Sunday, November 2, 2014

A Mystery from Buie's Creek…

(November 2… All Soul's Day… a day of prayer for the dead in Western Christianity… date chosen by Abbot Odilio of Cluny in the 11th century…)

The thirteen-year-old girl stood behind the podium on the stage in the auditorium of Campbell College in Buie's Creek, North Carolina. She looked out at the sea of college students, faculty, classmates and families. She was alone - her parents were setting up a new home in Norfolk, where in just four years she would be voted Editor of the school newspaper and Most Valuable Senior in her graduating class.

Today she was graduating from the 8th grade in the little country school of Buie's Creek, honored to be the Class Poet.

One day, decades later, she would learn that the mother of a famous southern mystery writer, Margaret Maron, had been a student at Campbell College.

And the uncle of her 8th grade friend, Anne Green - Paul Green, known as author of the world-famous symphonic drama— The Lost Colony—also a Pulitzer prize winner—had been born and raised in Buie's Creek.

She took a deep breath—but she was not afraid. She had not yet learned the meaning of stage fright! She began her poem in a clear, child's voice…

"Touch me not,
O pass me by,
When thou ridest through my life…
Touch me not, o Death…"

I no longer have a copy of that poem on death. But I remember it was three pages long!

I have no idea what prompted those thoughts on death in that child's mind so many years ago. She was a normal child, a little girl who had learned self-reliance early on, not given to bouts of depression or cloudy moods. She loved school, enjoyed her days growing up, adored her cats, was used to her parents' frequent relocations.

At that time she had never known or experienced death. There had never been any death-related situation in her life that might have left its footprint on her developing mind or soul.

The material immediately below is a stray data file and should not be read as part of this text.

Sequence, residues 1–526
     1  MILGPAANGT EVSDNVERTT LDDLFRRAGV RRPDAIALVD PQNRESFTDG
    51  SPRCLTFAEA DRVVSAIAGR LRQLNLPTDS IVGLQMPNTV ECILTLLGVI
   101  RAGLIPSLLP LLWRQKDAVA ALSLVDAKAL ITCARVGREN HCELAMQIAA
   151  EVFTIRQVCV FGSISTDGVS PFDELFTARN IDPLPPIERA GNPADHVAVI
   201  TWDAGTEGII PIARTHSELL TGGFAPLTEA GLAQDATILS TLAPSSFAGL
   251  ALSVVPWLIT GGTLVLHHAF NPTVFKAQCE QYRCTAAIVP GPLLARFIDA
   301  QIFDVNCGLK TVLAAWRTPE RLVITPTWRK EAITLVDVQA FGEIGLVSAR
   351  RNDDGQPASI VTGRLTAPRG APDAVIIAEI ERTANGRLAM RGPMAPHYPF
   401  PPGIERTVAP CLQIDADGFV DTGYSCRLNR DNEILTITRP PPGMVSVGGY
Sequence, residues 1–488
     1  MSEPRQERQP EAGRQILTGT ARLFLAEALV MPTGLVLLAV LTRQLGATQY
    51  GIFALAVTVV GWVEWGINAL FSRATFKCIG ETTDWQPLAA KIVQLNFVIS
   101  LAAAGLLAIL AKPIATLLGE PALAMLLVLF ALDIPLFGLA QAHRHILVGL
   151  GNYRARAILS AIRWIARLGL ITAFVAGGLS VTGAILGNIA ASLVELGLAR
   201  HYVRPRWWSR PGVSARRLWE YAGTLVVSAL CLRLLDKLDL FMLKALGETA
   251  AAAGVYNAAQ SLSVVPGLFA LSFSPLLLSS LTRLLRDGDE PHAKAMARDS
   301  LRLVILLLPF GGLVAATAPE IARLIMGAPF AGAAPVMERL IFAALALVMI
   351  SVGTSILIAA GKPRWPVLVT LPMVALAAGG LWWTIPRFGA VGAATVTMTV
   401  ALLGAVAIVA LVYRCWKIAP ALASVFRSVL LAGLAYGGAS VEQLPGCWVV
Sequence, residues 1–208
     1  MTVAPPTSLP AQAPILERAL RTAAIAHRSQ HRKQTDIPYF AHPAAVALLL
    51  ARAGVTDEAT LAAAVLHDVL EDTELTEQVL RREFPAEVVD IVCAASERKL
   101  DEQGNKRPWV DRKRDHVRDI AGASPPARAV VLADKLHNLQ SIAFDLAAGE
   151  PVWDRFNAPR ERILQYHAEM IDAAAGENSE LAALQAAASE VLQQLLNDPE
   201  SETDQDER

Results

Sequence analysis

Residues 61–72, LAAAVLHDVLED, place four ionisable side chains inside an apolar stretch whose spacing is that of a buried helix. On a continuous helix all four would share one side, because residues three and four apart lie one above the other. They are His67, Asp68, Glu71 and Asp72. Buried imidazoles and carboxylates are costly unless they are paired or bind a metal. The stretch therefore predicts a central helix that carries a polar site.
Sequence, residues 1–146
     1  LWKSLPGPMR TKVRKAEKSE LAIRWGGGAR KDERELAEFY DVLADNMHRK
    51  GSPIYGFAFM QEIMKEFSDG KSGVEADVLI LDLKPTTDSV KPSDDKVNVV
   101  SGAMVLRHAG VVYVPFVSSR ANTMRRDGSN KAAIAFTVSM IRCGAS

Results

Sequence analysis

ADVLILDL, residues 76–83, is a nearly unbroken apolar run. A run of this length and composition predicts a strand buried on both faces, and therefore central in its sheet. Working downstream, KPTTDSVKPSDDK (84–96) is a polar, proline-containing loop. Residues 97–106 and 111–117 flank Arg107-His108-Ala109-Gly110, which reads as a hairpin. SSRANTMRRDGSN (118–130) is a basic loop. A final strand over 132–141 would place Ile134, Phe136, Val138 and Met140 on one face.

Not especially religious, she enjoyed Sunday School in the Protestant Church and was an active Girl Scout.

A normal middle-class child in normal middle America…

So—where did this intimacy with death come from?

Years later, she would meet death in many forms - the harsh air raid sirens of " the War" near the Norfolk Naval Base, the nightly news on the radio, then the TV, then the natural procession of family and friends' deaths in adulthood…

But on that gentle day in May, in a tiny town of Buie's Creek - so small it was barely on the state map ... did she have some unearthly premonition . that one day she would be a writer - of death -- in all its varied forms. . . as a crime writer in the center of the world????

We'll never know the answer… but…

What do YOU think???

Thelma Jacqueline Straw


  1. I believe children have infinite wisdom, because they know nothing in the beginning. They know death, life and experience the wonder of it all from an unaffected vantage point. Then over time, and with constant prodding from the adult world, all this fantastic knowledge slips to the back of the brain, not forgotten, just danged difficult to get to again. Lovely story, and I'd sure like to read that poem, too!

  2. Wise comment, Margaret. You should know, as you have raised two wonderful children, a grand-son and expect a new little girl in your family soon... I lost the paper long ago - I've lived dozens of lives and played scores of roles ... since the sojourn at tiny Buie's Creek. TJStraw

  3. Many thanks to our blog administrator Kate Gallison for her excellent graphic for this blog... tjs

  4. Sshh, Thelma. I stole it. (As usual.)

  5. I recall quite vividly having complex thoughts and puzzling over mature issues as a child. I look at kids that age now, and they look so, well, young, that I have to remind myself they are having the same sort of thoughts, charting their way, and thinking more deeply than we often give them credit for.

    1. As I recall part of your childhood was spent in Tenn??? Might have been a southern something underneath the land... tjs

  6. What Sheila said. "The thoughts of youth are long, long thoughts." We need to ask them what they are thinking. We have a lot to learn.

  7. Thank you all for your astute comments. This proves we should never throw anything away!!! But with all the moves I've made since age 13 there is no way that little piece could have survived!!! This thought you are all mentioning - re the real thoughts of children - is worth further pursuit - by all of us... tjs

  8. Lovely piece, Thelma. Thank you. I'm with Margaret -- children still live a bit between the worlds, some longer than others.

  9. Hi Leslie, thanks for stopping by. We're looking forward to your being our guest in March! This concept of children living between the worlds is fascinating! TJS